Ironically, the surprisingly low net international investment liabilities of Italy are the result of the persistent current account surpluses the country has been running since the euro debt crisis of 2012, and smaller current account deficits compared to Spain before the crisis. The flipside is that the current account surplus – in theory – also makes it easier for a country like Italy to exit the euro relative to a current account deficit country. This is because the higher the current account deficit of a debtor country, the higher the cost of an exit for this country as the current account deficit would have to be closed abruptly following an exit. Similarly, the higher the current account surplus of a creditor country, the higher the cost of an exit, due to a potentially higher currency appreciation. On this metric Italy sits roughly in the middle as shown below.
Most importantly, this means that as a result of Italy’s decent current account surplus, from a narrow current account adjustment point of view, its own cost of a euro exit should be relatively small.
And it’s not only Italy. What is remarkable in the chart above is that, with the exception of Greece, all peripheral countries were running current account balances last year, a huge change from the large current account deficits of 2009-2010 before the emergence of the euro debt crisis. This is also shown in the next chart, which depicts this significant adjustment in the savings position of peripheral countries which effectively converged to that of core countries.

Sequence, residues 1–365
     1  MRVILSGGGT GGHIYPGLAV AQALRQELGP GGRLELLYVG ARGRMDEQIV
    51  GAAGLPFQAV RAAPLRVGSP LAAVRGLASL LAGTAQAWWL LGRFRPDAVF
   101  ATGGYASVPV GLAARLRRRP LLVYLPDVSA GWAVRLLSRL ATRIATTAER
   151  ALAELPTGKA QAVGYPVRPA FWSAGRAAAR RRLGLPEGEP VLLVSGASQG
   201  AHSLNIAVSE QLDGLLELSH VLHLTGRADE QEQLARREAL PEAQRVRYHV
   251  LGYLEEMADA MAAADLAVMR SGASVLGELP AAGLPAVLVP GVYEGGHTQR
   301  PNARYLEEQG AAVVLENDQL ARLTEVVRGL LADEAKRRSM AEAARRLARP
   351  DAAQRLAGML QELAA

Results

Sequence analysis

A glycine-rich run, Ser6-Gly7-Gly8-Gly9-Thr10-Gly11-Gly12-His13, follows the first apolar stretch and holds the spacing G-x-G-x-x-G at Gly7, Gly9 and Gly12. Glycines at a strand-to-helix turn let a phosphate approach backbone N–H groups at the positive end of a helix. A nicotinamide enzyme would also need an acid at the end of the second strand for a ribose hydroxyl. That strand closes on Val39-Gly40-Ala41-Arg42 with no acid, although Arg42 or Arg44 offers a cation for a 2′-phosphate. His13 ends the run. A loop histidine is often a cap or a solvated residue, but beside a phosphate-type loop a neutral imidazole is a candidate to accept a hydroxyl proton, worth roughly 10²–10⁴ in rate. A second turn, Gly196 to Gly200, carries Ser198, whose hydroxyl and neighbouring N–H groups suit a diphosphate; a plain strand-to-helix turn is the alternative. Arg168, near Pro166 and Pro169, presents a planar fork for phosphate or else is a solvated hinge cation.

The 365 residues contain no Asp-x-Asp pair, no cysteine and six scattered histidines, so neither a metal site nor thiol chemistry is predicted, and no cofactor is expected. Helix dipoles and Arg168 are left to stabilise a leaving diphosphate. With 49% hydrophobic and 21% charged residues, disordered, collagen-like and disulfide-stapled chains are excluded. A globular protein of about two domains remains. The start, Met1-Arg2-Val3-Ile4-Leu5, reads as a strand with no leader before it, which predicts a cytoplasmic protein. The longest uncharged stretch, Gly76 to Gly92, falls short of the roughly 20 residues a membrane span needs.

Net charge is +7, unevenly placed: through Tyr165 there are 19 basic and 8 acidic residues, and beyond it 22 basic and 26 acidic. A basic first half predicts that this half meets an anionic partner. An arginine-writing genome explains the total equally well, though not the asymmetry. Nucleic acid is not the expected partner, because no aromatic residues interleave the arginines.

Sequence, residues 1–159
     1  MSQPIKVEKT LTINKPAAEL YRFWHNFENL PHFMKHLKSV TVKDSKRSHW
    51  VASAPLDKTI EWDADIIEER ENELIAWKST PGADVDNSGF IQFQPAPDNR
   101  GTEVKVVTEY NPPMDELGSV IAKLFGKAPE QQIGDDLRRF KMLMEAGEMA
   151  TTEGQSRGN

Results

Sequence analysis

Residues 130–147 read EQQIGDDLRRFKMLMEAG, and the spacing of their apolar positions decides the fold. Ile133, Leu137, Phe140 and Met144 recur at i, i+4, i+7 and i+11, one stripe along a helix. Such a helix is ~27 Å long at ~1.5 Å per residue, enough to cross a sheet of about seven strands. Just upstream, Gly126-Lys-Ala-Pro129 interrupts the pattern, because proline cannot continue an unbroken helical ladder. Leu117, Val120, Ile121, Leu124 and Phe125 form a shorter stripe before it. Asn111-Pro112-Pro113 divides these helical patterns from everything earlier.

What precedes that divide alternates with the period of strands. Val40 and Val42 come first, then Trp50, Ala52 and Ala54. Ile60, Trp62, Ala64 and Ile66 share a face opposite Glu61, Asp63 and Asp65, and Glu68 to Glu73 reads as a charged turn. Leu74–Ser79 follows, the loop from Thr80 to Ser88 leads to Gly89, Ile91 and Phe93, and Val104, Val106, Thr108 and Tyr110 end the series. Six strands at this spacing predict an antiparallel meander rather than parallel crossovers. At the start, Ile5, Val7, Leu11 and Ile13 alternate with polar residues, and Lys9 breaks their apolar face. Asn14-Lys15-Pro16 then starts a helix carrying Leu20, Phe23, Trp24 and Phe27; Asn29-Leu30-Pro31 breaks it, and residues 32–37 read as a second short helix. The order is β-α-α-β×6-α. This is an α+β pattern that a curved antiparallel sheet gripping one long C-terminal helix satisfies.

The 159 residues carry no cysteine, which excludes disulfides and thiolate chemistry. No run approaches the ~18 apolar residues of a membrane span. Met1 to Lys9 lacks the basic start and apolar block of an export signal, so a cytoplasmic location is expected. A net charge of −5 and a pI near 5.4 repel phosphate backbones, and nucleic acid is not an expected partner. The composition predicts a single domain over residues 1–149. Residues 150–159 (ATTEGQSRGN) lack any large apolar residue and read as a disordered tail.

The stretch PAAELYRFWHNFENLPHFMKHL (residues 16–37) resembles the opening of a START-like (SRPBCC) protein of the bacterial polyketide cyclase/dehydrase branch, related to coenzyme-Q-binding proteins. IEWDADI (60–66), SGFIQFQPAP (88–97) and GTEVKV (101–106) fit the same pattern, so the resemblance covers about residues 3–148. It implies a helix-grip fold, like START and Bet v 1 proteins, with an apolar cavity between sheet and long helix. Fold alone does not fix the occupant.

Besides Target2 and the current account, another important reflection of the improvement in the savings position of peripheral countries has been what JPMorgan calls the “domestication” of their government debt. On one hand, this represented by the sharp decline in foreign banks’ exposure to Italian debt.
The offset, of course, is that as foreign banks dumped their Italian exposure, one particular hedge fund stepped up and bought it all: the European Central Bank, and in doing so, it presented Rome with even more leverage over the ECB, which ironically is headed by an Italian.
Furthermore, the next chart shows that the domestication of Euro area government bond markets has been even more acute for peripheral banks, whose share of non-domestic non-MFI bonds has been hovering close to 15% in recent years vs. a peak of close to 40% in 2006.
Here, JPMorgan points out one curious implication from these government bond market ownership trends, which is often overlooked: debt relief via Private Sector Involvement (PSI) becomes a less attractive option for an indebted peripheral country when most of the bonds are held domestically. In other words, it is less practical to default on your sovereign debt if you are screwing far fewer foreign creditors, and most impairing your own population.
As JPMorgan puts it, “this narrows the options that a country has in terms of adjusting its economy within a monetary union.“
Here some big picture observations: within a monetary union, where currency depreciation and debt monetization are not possible – unless of course, there is divorce with said union – a country has effectively two options: default and internal devaluation.
Greece, for example, has tried both: default via the Private Sector Involvement of 2012 and internal devaluation – i.e., collapsing wages, rising current account – via the Troika’s ongoing adjustment program.